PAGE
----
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Sintesi dell'editore

The Irish soldier has never been a stranger to fighting the enemy with the odds stacked against him. The notion of charging into adversity has been a cherished part of Ireland's military history. In September 1961, another chapter should have been written into the annals, but it is a tale that lay shrouded in dust for years. The men of A Company, 35th Irish Infantry Battalion, arrived in the Congo as a United Nations contingent to help keep the peace. For many it would be their first trip outside their native shores. Some of the troops were teenage boys, their army-issue hobnailed boots still unbroken. They had never heard a shot fired in anger. Others were experienced professional soldiers but were still not prepared for the action that was to take place.

Led by Commandant Pat Quinlan, A Company found themselves tasked with protecting the European population at Jadotville, a small mining town in the southern Congolese province of Katanga. It fell to A Company to protect those who would later turn against them. On September 13th, 1961, the bright morning air of Jadotville was shattered by the sound of automatic gunfire. The men of A Company found their morning mass parade interrupted, and within minutes they went from holding rosaries to rifles as they entered the world of combat. This was to be no Srebrenica; though cut off and surrounded, the men of Jadotville held their ground and fought. This is their story.

PLEASE NOTE: When you purchase this title, the accompanying reference material will be available in your Library section along with the audio.

©2016 Declan Power (P)2016 Blackstone Audio, Inc.

Cosa pensano gli ascoltatori di Siege at Jadotville

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  • Generale
    5 out of 5 stars
  • Lettura
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  • K4Kristina
  • 01/03/2016

Fitting tribute to those who fought.

Exhaustive and compelling - a thorough study of the events leading to and during the battle at Jadotville in The Congo in September 1961 with clear, polished, and well-paced reading.

3 people found this helpful

  • Generale
    1 out of 5 stars
  • Lettura
    1 out of 5 stars
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  • Kindle Customer
  • 24/09/2019

Basic Historical Error

Said that the Russians put a man on the moon a month before the Irish troops deployed to Africa in May 1961. And claimed Yuri Gagarin was said man. While Gagarin was the first man in space, he was not, nor was any Soviet ever to land on the moon, and the Americans would only finally land a man on the moon in July of 1969. If an author of history can't get two of the most well known and important events of the 20th Century right, why should the rest of their claims of history be trusted?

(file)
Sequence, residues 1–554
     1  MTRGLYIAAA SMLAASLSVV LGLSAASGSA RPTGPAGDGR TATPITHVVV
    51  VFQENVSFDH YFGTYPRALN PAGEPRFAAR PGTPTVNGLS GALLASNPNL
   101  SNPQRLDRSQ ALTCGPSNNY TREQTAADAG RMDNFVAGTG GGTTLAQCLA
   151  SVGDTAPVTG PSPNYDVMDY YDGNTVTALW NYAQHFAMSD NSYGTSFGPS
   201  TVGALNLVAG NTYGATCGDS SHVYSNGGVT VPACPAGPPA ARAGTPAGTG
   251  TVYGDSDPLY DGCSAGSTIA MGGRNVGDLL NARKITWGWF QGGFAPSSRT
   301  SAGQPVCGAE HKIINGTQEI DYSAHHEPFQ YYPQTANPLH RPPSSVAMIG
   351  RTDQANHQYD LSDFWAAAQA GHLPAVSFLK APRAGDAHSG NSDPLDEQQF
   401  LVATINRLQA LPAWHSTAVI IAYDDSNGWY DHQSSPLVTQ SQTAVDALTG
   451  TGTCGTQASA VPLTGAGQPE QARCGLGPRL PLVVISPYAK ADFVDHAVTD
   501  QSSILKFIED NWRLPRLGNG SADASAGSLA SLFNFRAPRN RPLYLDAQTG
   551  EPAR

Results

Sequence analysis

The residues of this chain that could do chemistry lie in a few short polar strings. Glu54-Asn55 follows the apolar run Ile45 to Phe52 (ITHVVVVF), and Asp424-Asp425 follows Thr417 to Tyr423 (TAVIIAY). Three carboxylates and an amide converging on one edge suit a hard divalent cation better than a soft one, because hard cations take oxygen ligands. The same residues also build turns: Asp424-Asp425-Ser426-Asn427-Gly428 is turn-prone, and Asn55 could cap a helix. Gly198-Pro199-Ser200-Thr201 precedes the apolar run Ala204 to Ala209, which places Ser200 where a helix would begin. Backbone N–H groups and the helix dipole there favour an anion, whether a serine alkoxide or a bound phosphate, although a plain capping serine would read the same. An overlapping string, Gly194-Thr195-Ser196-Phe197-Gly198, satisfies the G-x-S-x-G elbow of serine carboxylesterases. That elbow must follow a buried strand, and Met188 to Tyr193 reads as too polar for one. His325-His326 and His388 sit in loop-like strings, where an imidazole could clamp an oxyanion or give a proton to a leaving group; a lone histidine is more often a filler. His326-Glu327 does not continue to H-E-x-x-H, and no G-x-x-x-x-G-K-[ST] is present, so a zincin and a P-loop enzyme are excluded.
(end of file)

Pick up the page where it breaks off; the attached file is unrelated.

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  • Generale
    5 out of 5 stars
  • Lettura
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  • Liam
  • 31/05/2016

Unknown Hero's!

Great Book! Really enjoyed it. Great insight into a small bit of history that was covered up.

2 people found this helpful

  • Generale
    5 out of 5 stars
  • Lettura
    5 out of 5 stars
  • Storia
    5 out of 5 stars
  • Amazon Customer
  • 01/03/2019

news to me, shocking as an Irish man.

it should be thought as Irish history. very good listen. enjoyed the film too. 5 thumbs up.

1 person found this helpful

  • Generale
    5 out of 5 stars
  • Lettura
    5 out of 5 stars
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    5 out of 5 stars
  • "roswell_3000"
  • 25/11/2016

History rewritten and a cover up revealed!

Having recently viewed the Netflix release of this story I was propelled to discover more of this story. Being Irish I was curious as to the reasons behind the cover up of information regarding this event in history. This story is well written, not too complex or confusing in language. It is also clearly narrated. This audiobook is truly worth giving your time to listen and reflect upon its contents.

1 person found this helpful

  • Generale
    4 out of 5 stars
  • Lettura
    5 out of 5 stars
  • Storia
    4 out of 5 stars
  • Jon
  • 17/04/2020

Excellent book, poor writer

This is an interesting piece of history that’s worth examining. Sadly, Powers is just not that good a writer, with an uneven timeline possibly with an aim at drama, that only ends up being confusing. There are also many redundancies and repetitions, and his own political views are hardly hidden. However, his analysis of the facts of this sadly overlooked chapter of history mostly makes up for this, and I do recommend it.

  • Generale
    5 out of 5 stars
  • Lettura
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  • Storia
    5 out of 5 stars
  • BH
  • 28/12/2018

Siege at Jadoville

A thorough analysis of the issues concerning this action involving the Irish armies involvement in the UN’s Congo mission in 1961. The phrase ‘lions led by donkeys’ comes to mind.